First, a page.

In addition to these comments, CALPIRG Education Fund provided the California Department of Insurance on 9 May 2013 an initial evaluation based on Blue Shield’s initial rate filing and first subsequent submission (dated 30 April 2013) against the factors considered as part of the rate review process set forth in the SB 1163 Guidance. Following our initial assessment, the California Department of Insurance conferred with Blue Shield and sought additional documentation supporting their assumptions and projected costs. It is good news for California consumers that the California Department of Insurance required the insurer to thoroughly and publicly justify its significant proposed premium increase.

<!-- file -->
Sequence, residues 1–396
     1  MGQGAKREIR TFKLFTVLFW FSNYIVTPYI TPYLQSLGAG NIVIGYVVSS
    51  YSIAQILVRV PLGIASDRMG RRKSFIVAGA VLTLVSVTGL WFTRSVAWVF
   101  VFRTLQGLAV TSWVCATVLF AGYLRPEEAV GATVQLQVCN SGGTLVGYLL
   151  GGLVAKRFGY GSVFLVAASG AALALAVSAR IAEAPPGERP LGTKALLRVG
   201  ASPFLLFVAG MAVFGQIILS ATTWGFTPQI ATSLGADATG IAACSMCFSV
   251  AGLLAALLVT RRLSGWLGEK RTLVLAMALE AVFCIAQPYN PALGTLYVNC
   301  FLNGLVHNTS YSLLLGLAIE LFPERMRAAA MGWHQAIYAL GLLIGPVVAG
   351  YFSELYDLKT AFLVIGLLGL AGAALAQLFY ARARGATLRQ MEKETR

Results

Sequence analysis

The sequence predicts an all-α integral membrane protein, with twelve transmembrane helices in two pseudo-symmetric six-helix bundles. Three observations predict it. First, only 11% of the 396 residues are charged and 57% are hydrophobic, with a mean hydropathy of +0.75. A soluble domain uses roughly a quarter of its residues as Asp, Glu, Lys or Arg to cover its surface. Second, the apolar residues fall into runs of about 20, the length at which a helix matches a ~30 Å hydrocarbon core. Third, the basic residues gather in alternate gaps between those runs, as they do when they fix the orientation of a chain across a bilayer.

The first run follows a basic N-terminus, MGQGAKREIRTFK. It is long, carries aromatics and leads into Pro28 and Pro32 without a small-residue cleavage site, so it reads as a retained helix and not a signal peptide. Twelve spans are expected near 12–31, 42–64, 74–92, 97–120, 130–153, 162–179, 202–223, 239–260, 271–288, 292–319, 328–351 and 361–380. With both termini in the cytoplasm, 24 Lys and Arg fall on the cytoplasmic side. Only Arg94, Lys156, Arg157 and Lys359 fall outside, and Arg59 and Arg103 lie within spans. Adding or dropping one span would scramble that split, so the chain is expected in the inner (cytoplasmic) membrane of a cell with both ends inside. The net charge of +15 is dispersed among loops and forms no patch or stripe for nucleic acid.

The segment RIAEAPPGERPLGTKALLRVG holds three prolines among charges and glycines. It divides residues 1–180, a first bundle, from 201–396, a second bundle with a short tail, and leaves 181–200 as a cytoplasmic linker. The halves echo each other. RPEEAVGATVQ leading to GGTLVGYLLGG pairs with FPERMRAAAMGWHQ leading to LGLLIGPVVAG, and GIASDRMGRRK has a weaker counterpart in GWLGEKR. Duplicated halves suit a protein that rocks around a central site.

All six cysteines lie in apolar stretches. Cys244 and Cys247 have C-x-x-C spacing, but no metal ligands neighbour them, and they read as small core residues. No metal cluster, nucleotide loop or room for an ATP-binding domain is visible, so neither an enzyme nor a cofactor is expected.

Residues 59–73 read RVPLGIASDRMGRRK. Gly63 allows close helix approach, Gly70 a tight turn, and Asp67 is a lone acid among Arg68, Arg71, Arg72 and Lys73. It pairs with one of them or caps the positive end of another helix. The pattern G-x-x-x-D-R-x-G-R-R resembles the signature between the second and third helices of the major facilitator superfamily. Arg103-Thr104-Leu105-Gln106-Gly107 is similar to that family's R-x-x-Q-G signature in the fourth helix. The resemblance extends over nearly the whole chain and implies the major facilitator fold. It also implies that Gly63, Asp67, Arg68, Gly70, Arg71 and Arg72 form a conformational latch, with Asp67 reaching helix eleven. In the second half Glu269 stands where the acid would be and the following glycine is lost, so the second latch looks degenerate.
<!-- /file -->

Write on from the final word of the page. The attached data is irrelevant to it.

After analysis of the complete filing – inclusive of the three subsequent submissions – it appears that for the most part, Blue Shield provided sufficient background data for the requested rate increase. However, there are still several outstanding questions surrounding this filing, as noted below. We remain concerned that the rate increases outpace the changes in the consumer price index (CPI) more than threefold, and given Blue Shield’s stated intentions to file new rate plans starting January 2014. [5]

These rising health insurance rates are not sustainable for California’s small businesses and their employees. We encourage Blue Shield to pursue all available strategies to reduce the rising cost of care – not by cutting care or increasing deductibles – but by cutting waste and incentivizing prevention and care that get results. In addition, we encourage the California Department of Insurance to explore how the rate review process might, in coordination with other health reform efforts, spur such efforts by insurers to reduce costs while improving quality.

Key Findings